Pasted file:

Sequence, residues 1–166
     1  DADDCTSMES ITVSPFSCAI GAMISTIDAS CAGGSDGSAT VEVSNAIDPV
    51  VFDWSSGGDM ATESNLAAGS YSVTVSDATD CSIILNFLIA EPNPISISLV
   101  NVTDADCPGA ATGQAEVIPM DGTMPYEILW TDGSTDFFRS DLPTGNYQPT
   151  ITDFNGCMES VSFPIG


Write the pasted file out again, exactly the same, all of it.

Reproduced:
Sequence, residues 1–166
     1  DADDCTSMES ITVSPFSCAI GAMISTIDAS CAGGSDGSAT VEVSNAIDPV
    51  VFDWSSGGDM ATESNLAAGS YSVTVSDATD CSIILNFLIA EPNPISISLV
   101  NVTDADCPGA ATGQAEVIPM DGTMPYEILW TDGSTDFFRS DLPTGNYQPT
   151  ITDFNGCMES VSFPIG